This week in history: 3 famous Chicagoans, 1 birthday

What do Al Capone, Muhammad Ali and Michelle Obama have in common? Though not all born here, these notable Chicagoans share a birthday.

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Portrait Of Al ‘Scarface’ Capone

Gangster Al Capone shares his birthday, Jan. 17, with two others with strong Chicago connections.

Photo by Hulton Archive/Getty Images

As published in the Chicago Daily News and the Chicago Sun-Times:

What do gangster Al Capone, “the Greatest” Muhammad Ali and former first lady Michelle Obama have in common? Besides a strong Chicago connection, they all share a birthday — Jan. 17 — and their legacies have left quite a mark on the city.

Here’s a look at the first mention of each person in the pages of the Chicago Daily News and the Chicago Sun-Times:

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Al Capone

Born in New York, the notorious head of the Chicago Outfit has become so iconic and synonymous with the city that he’s practically a tourist trap. Though he moved to Chicago in 1918, Capone’s name didn’t make the front pages of the Daily News until April 3, 1924 when it showed up on a list of citizens granted the right to carry a weapon — all approved by justices of the peace.

“When [State’s Attorny] Crowe summoned the justices to his office with their revolver permit records so he might strike off the names of well-known toughs, the records of Justice Joseph Michka of Cicero bore the names of Ralph Capone and Alphonse Capone,” the Daily News reported. “According to Assistant State’s Attorney Thomas Marshall, Ralph was supposed to be Frank Caponi and Alphonse, Frank’s brother, who is known also as ‘Al’ Brown, proprietor of the beer runners hangout at 2222 South Wabash avenue, the Four Deuces.”

Capone listed his address as 6832 Sheridan Road “in a neighborhood that presumably has little contact with such men as frequent the Four Deuces,” the paper added. The state’s attorney revoked Capone and his brother’s permits.

The investigation into the weapons permits stemmed from the Election Day mayhem in Cicero just days earlier. On April 1, violence broke out when Outfit-tied gangsters, including Capone himself, took to the polling places to “convince” voters to back Republican candidates, who were perceived as more lenient towards organized crime.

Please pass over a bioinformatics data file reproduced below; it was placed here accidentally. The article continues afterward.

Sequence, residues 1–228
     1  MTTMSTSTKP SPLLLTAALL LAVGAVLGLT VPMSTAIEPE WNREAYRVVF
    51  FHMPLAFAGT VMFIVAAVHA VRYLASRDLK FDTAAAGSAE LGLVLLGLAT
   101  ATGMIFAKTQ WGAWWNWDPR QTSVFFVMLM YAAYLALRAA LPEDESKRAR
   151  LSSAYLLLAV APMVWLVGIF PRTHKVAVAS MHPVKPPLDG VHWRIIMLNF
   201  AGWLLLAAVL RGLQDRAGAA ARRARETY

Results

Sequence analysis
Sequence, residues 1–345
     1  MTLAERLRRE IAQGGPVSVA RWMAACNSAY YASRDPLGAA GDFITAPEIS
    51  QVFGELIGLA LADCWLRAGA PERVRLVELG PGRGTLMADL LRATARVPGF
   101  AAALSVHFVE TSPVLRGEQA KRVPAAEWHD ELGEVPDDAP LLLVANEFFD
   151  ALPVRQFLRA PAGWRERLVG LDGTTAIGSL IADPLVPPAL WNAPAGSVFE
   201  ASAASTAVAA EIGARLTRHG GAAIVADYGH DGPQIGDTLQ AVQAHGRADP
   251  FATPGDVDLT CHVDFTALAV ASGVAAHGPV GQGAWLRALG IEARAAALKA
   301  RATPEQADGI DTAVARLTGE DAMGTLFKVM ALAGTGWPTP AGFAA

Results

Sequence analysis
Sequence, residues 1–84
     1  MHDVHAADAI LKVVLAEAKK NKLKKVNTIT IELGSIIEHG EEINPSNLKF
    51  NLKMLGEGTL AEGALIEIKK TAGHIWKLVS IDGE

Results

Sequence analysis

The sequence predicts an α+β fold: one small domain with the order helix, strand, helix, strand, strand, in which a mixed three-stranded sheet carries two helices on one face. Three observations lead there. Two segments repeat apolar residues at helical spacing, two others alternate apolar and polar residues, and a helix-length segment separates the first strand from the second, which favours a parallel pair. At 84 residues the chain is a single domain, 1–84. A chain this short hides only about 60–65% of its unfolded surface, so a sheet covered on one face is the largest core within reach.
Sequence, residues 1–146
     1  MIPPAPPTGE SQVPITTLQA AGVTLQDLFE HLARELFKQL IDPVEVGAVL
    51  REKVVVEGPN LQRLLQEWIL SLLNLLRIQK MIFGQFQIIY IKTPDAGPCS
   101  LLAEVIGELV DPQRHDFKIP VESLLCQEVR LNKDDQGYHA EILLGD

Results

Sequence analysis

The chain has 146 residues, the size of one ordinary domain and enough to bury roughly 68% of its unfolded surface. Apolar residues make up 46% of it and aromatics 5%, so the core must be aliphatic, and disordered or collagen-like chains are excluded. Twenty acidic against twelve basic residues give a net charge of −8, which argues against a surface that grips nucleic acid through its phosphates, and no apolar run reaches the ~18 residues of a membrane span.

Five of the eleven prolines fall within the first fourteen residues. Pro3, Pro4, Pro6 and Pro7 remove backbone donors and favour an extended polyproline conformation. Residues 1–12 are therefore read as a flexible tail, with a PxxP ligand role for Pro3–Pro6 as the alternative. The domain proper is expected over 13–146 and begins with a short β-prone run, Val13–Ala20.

Muhammad Ali

Ali may have been born in Louisville, Kentucky, but he spent some of his most important years in Chicago. He fought numerous fights here (both in the ring and in the courtroom), owned several homes, including a mansion in Kenwood, and joined the Black Muslims, who were based on the South Side.

He first talked to a Daily News reporter in 1959 – before he dropped the name Cassius Clay and adopted the one given to him by Elijah Muhammad – just after he won the light-heavyweight title against Australian Tony Madigan in the New York vs. Chicago intercity Golden Gloves bouts at Chicago Stadium.

“Now I know what they mean,” he told a Daily News reporter. “A scared man fights better. All week long, all I hear is Madigan-this and Madigan-that.” The win likely shocked the crowd. At just 17 years old and still in high school, Ali managed to beat 29-year-old Madigan, “veteran of 100 amateur bouts.” He later taunted Madigan, calling him the “old man” from “down under.”

Planning to go professional after graduation, Ali already had his next move in mind: “I’m going for Patterson’s title.”

Michelle Obama

The only one of the three listed actually born in Chicago, Michelle Obama grew up in South Shore and graduated from Whitney M. Young Magnet High School. After earning degrees from Princeton and Harvard, she moved back to the city to work for Sidley & Austin, where she eventually met her future husband Barack Obama.

Michelle Obama’s name first surfaced in the Chicago Sun-Times in 1992 when columnist Michael Sneed got wind of her appointment to City Hall:

“Watch for City Planning Commissioner Valerie Jarrett to hire Michelle Robinson-Obama, an assistant to Mayor Daley’s former chief of staff, Dave Mosena, as her new point person responsible for monitoring the city’s major business expansion and retention efforts,” Sneed told readers on Oct. 15, 1992.

The future first lady worked for the city government for several years before taking a position with the University of Chicago and later the university’s hospital system where she stayed until the 2008 primary election.

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